Between 1814 and 1852 Paris was a city of power and pleasure, a magnet for people of all nationalities that exerted an influence far beyond the borders of France. Paris was the stage where the great conflicts of the age, between nationalism and cosmopolitanism, revolution and royalism, socialism and capitalism, atheism and Catholicism, were fought out before the audience of Europe. As a contemporary proverb put it: when Paris sneezes, Europe catches cold. PARIS BETWEEN EMPIRES tells the story of this golden age, from the entry of the allies into Paris on 31 March 1814, after the defeat of Napoleon I, to the proclamation of another Bonaparte, his nephew Louis-Napoleon, as Napoleon III in the Hotel de Ville on 2 December 1852. During those years, Paris, the seat of a new parliamentary government, was a truly cosmopolitan capital, home to Rossini, Heine and Princess Lieven, as well as Berlioz, Chateaubriand and Madame Recamier.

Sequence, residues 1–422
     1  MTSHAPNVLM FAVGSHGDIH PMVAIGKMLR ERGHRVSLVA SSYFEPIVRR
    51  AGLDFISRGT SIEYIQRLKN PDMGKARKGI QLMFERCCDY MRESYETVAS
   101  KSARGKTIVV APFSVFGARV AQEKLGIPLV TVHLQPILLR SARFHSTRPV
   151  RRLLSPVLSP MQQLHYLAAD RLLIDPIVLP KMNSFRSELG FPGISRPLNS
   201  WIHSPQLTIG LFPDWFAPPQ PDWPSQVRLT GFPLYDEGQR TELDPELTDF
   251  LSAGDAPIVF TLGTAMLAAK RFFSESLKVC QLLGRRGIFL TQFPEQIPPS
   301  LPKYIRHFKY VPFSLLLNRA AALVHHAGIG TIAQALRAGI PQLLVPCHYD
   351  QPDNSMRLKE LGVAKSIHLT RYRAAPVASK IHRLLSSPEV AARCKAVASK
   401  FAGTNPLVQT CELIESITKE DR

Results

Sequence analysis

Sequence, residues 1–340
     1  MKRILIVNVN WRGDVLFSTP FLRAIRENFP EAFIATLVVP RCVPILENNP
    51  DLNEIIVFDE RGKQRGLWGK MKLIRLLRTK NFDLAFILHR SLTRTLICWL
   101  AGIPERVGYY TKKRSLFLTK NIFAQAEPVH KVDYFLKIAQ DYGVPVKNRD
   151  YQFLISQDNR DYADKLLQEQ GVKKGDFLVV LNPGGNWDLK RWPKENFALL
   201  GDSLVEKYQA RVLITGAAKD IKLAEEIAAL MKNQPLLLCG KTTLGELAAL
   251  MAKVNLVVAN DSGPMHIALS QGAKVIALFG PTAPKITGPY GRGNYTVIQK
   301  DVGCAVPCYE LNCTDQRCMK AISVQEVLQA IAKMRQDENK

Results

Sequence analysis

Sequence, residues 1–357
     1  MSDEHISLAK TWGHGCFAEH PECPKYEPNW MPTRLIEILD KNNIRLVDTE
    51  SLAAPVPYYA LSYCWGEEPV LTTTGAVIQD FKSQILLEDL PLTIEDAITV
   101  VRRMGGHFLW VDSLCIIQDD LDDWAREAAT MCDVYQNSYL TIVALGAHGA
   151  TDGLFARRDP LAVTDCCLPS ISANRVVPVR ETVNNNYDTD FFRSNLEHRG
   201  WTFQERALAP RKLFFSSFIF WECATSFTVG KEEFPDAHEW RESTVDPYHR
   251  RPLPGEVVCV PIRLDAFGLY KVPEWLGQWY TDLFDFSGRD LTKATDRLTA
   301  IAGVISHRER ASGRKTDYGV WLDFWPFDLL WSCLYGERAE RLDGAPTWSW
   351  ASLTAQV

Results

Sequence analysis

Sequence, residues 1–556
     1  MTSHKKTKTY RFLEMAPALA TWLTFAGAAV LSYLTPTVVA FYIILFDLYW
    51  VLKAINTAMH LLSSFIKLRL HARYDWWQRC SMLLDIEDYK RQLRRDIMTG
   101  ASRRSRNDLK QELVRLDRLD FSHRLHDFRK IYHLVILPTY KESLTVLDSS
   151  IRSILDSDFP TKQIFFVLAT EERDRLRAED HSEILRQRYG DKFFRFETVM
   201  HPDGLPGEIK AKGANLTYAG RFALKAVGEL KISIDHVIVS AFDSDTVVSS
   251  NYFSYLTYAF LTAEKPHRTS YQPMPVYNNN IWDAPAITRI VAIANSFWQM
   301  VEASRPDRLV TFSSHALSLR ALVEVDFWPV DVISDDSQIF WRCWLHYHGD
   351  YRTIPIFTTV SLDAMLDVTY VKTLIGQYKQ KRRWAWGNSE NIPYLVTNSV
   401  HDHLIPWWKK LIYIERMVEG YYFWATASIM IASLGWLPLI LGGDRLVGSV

Philip Mansel, who has lived and taught in Paris, is one of Britain's leading historians. His book CONSTANTINOPLE was described by William Dalrymple as 'An impeccably researched masterpiece of exquisite historical writing.' He currently lives in London.